What do the labels on chicken meat mean?

A supermarket fridge aisle with several chicken meat products

Aotearoa has no laws or regulations regarding the labelling of meat, so how do companies decide what is free-range, cage-free, and hormone-free? Find out the truth about labelling.


Many people go to the supermarket, or out for dinner, and try to make their best decision for animals and their health. Choosing ‘free-range’, ‘cage-free’ or ‘hormone-free’, you may believe the product you’re getting came from a healthy chicken free to roam outdoors. But is it?

Labels in New Zealand briefly explained

New Zealand has a set of minimum standards that most animal farms must meet (otherwise they are breaking the law). When it comes to chickens bred for meat, these minimum standards are appallingly low. Up to 18 chickens can be kept crammed into each square metre of a shed, so farmers that claim to be ‘above minimum standards’ could have 12 – 15 chickens per square metre

​A label might sound good, but that doesn’t mean that the meat is coming from animals in good conditions. 

The problem with cage-free and hormone-free

If you go to purchase ‘cage-free’ chicken, you assume you’re doing something good, right? You probably assume that there are other birds kept in cages, and you choose to support the higher welfare option.

But no chickens bred for meat in Aotearoa are ever kept in cages (though hens farmed for their eggs commonly still are)! The products you may be buying with these labels are in no way different from the standard product.

In fact, every individual ‘meat’ chicken in a shed has less space than a hen kept in a cage, yet these products proudly display the misleading cage-free label. 

The same is true of the ‘hormone-free’ label. Hormones are sometimes used overseas to increase growth rate. However, no chickens in New Zealand are given hormones. In fact, this is a practice rarely done in any animal farming, yet the label implies a product of higher standard.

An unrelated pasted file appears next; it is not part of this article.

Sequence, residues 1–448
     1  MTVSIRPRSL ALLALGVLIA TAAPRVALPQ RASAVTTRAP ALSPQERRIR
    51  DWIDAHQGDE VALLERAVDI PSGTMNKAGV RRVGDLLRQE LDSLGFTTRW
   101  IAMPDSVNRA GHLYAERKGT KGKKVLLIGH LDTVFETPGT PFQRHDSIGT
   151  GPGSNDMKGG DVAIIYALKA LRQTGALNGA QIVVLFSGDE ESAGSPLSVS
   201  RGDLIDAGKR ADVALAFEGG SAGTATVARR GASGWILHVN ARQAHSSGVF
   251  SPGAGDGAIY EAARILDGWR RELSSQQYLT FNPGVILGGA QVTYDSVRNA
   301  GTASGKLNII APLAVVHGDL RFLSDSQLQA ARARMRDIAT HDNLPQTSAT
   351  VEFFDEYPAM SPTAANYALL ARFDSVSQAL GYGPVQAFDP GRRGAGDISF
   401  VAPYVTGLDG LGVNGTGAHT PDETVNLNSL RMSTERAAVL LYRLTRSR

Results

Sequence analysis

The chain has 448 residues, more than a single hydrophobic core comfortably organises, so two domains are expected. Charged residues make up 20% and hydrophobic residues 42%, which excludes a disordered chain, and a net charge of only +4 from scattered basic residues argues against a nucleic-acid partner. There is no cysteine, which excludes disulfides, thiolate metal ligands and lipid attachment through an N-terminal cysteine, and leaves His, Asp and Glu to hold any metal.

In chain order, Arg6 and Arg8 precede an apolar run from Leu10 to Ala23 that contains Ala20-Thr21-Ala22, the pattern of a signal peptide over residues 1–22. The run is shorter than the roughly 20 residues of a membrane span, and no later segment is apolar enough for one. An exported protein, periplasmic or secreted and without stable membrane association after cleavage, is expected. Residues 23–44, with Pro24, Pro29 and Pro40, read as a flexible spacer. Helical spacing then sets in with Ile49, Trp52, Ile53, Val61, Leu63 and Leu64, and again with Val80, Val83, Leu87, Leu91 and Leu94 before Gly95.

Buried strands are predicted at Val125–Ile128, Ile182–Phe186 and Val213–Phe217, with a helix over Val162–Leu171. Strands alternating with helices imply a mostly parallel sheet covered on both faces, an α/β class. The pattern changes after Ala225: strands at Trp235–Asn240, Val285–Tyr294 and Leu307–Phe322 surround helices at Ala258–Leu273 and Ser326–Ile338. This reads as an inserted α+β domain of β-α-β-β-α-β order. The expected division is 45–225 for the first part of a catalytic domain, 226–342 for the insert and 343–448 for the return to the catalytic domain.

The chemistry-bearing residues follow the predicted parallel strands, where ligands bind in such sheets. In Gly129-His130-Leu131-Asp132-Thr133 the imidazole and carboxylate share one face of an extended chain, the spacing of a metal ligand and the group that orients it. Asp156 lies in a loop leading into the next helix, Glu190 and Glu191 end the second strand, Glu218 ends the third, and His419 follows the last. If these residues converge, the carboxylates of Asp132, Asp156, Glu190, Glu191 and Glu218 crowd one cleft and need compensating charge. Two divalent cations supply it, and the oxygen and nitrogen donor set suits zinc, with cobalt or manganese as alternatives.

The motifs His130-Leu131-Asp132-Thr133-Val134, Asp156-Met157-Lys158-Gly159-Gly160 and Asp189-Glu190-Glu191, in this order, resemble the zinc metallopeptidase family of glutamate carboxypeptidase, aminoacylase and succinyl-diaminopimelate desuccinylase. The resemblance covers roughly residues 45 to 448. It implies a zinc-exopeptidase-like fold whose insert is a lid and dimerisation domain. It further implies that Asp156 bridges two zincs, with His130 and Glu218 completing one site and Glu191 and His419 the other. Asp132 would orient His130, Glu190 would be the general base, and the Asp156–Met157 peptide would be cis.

This label is deliberately misleading and ignores the real reason chickens are so much bigger and grow so much faster than they used to. The last 40 years have seen the chicken industry selectively breed the so-called broiler chicken to grow ‘meat’ not sustain life. These baby birds double in size each week, reaching the size they are slaughtered at in just six short painful weeks. 

Hormones are not used but, unless the chicken is organic, it is likely that they were routinely given antibiotics in their feed to preempt disease outbreaks from the dirty and crowded conditions, and the unhealthy fast-grow breeds currently used. You can read more about antibiotic use and why this is a concern.

A wide angle shot of the inside of a chicken. On the lefthand side small pop-holes are visible in the wall.
A ‘free-range’ chicken shed in Aotearoa [Image credit – Farmwatch]

What about free-range?

In this country, free-range has no legal definition. Probably the most commonly used free-range standard is that of the Poultry Industry Association of New Zealand (PIANZ). 

The main difference is that a free-range shed will have some ‘pop-holes’ in the side that allow chickens access to an outdoor range. When the chickens are less than two or three weeks old, the pop-holes are kept shut until they are fully feathered. The birds may therefore only be able to access the outdoors for half their short lives. 

With around 36,000 birds in each shed, once the pop-holes are opened, many will never make it through the sea of bodies to access the outdoors.

Other parts of the free-range standards are suitably vague, such as provide ‘adequate feed and water’ and ‘housing and equipment must be designed to protect’, with no detail on what this actually means.

It all comes back to breed

It doesn’t really matter what the label claims, because all chickens in New Zealand come from fast-growing breeds.

They are bred to suffer. 

All chickens in New Zealand come from one of two breeds, Cobb or Ross. Because of their unnaturally fast-growth, up to a third suffer from painful lameness. Their bodies are so oversized they struggle to walk and suffer on weak legs, and are highly susceptible to heart failure and other serious diseases.

What can be done about it?

The Better Chicken Commitment (BCC) is a set of higher animal welfare standards, the most important of which reduce the number of birds kept inside sheds and ensure that slower-growing, healthier breeds of chickens are used. 

These standards have been developed and agreed by over 30 animal organisations, and outline the steps all companies should be taking to ensure they are not complicit in some of the worst atrocities faced by farmed animals. 

Hundreds of companies overseas have committed to the BCC. So far, Domino’s is the only company in New Zealand to commit to reaching these higher standards for chickens.

A white chicken with dirty feathers, lying on the dirty floor of a shed. Their left leg is swollen and splayed out to the side.

Take Action – Put an end to NZ chicken cruelty

Chickens bred for meat are bred to suffer.

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